fenestration


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Related to fenestration: defenestration

fenestration

 [fen″es-tra´shun]
1. the presence of openings in a body part.
2. the creation of openings to allow for viewing of parts.
3. the surgical creation of a new opening in the labyrinth of the ear for the restoration of hearing in otosclerosis.
4. loss or lack of supporting bone around the root of a tooth.
alveolar plate fenestration apical fenestration.
aorticopulmonary fenestration aortic septal defect.
apical fenestration a condition sometimes seen in children, consisting of round or oval openings perforating the plate of bone that overlies a pulpless primary tooth. Called also alveolar plate fenestration.

fen·es·tra·tion

(fen'es-trā'shŭn),
1. The presence of openings or fenestrae in a part.
2. Making openings in a dressing to allow inspection of the parts.
3. In dentistry, a surgical perforation of the mucoperiosteum and alveolar process to expose the root tip of a tooth to permit drainage of tissue exudate.
4. An operation to create an opening in the horizontal semicircular canal to improve hearing in otosclerosis.

fenestration

/fen·es·tra·tion/ (fen″es-tra´shun)
1. the act of perforating or condition of being perforated.
2. the surgical creation of a new opening in the labyrinth of the ear for restoration of hearing in otosclerosis.

aorticopulmonary fenestration  aortic septal defect.

fenestration

(fĕn′ĭ-strā′shən)
n.
1. The design and placement of windows in a building.
2. An opening in the surface of a structure, as in a membrane.
3. The surgical creation of an artificial opening in a bone, as in the inner ear so as to improve or restore hearing.

fenestration

[fen′əstrā′shən]
Etymology: L, fenestra, window
1 a surgical procedure in which an opening is created to gain access to the cavity within an organ or a bone.
2 an opening created surgically in a bone or organ of the body.
3 (in dentistry) a procedure to expose a root tip of a tooth to permit drainage of exudate. Also called window. fenestrate, v.

fenestration

Laminotomy, see there.

fen·es·tra·tion

(fen'ĕs-trā'shŭn)
1. The presence of openings or fenestrae in a part.
2. Making openings in a dressing to allow inspection of the parts.
3. dentistry A surgical perforation of the mucoperiosteum and alveolar process to expose the root tip of a tooth to permit drainage of tissue exudate.
4. surgery An opening created to gain access to the cavity within an organ or a bone.
[L. fenestra, window]

fenestration

1. The surgical establishment of an opening or the formation of a window.
2. An operation on the inner ear, to relieve the deafness caused by OTOSCLEROSIS in which the inner of the three tiny bones of the middle ear becomes fused in its seating. Fenestration creates a new window in the wall of the inner ear to allow freer vibration of the fluid within. It has now been largely superseded by better procedures such as stapedectomy.

fenestration

the presence in an organism of window-like openings, as in the palate of marsupials.

fenestration (fe·n·strāˑ·shn),

n 1. surgery that accesses a cavity within a bone or organ.
2. an orifice created in an organ or a bone by surgery.

fen·es·tra·tion

(fen'ĕs-trā'shŭn)
1. In dentistry, a surgical perforation of the mucoperiosteum and alveolar process to expose the root tip of a tooth to permit drainage of tissue exudate.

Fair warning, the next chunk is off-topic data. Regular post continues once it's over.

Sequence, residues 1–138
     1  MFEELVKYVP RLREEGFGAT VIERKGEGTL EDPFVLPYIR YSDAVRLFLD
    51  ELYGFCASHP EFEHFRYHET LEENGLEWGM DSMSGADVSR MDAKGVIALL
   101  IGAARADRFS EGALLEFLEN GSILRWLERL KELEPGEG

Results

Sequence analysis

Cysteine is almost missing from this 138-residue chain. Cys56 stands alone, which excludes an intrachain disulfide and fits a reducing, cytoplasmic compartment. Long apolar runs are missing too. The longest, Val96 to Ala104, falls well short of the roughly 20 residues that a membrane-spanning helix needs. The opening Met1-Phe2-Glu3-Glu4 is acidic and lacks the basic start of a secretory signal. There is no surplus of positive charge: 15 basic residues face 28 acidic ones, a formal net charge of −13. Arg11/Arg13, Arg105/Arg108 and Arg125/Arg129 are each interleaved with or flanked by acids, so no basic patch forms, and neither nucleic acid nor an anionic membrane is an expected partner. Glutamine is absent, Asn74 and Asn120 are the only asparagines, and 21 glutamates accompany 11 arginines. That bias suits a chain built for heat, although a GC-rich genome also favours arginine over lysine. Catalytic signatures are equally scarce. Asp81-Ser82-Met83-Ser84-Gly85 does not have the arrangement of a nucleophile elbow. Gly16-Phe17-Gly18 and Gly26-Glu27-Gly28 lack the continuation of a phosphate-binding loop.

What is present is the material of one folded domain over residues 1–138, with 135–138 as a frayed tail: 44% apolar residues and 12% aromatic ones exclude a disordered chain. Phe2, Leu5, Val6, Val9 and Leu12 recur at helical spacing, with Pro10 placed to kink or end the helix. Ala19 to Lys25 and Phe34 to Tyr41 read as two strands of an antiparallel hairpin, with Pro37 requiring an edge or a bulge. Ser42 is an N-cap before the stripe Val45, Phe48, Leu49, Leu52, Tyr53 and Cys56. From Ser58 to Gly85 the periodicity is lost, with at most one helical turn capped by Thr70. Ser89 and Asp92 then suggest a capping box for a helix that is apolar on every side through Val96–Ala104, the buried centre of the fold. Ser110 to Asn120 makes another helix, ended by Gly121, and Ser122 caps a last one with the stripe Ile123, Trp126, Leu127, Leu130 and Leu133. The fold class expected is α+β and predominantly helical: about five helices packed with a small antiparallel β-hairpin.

2. The presence of openings or fenestrae in a part.
3. Making openings in a dressing to allow inspection of the parts.

fenestration

1. the act of perforating or the condition of being perforated.
2. the surgical creation of a new opening in the labyrinth of the ear for the restoration of hearing in otosclerosis.

aortopulmonary fenestration
aortic septal defect.
fenestration heart valves
naturally occurring fenestrations are common in horses and cause development of cardiac murmurs, especially audible in foals. They appear to be congenital and to exert no significant deleterious effect.
References in periodicals archive ?
The presence of the azygos artery or a fenestration variant of the anterior cerebral artery or anterior communicating artery have been associated with the presence of aneurysms due to the turbulent flow created by defects in the tunica media in the proximal and distal region of the fenestrated segment (Boleaga-Duran et al.
Controversies: Optic nerve sheath fenestration versus shunt placement for the treatment of idiopathic intracranial hypertension.
After orthodontic correction of tooth root, it was noticed that complete healing of mucosal fenestration defect had occurred and the patient was completely asymptomatic (fig3).
PROLO economic and functional outcome scale was used for assessing the clinical and functional outcome of the patients following fenestration discectomy.
This article reports a case of repair of a gingival fenestration using an ADM allograft.
On day 163 after fenestration, the patient presented to the outpatient clinic with prominent abdominal fullness.
In contrast, the Solar Heat Gain Coefficient (SHGC) allowed for fenestration decreases in hotter climates, thereby reducing the solar gain.
This turned out to be the first example of the Seattle Energy Code leading to the evolution of fenestration products.
We not only help train up skilled professional installers in the new legislation, we also offer high quality apprenticeships in the industry to young people keen to work in fenestration.
This is an exciting time for Avocet and the National Fenestration Award clearly shows that our confidence in the future of the business is shared by the whole of the fenestration industry," said Dr Jain.
Guided periodontal regeneration using bilayered collagen membranes and bovine bone mineral in fenestration defects in the canine.
Though rare, fenestration can lead to infection, raising the potential for liability-especially if any loss of function occurred.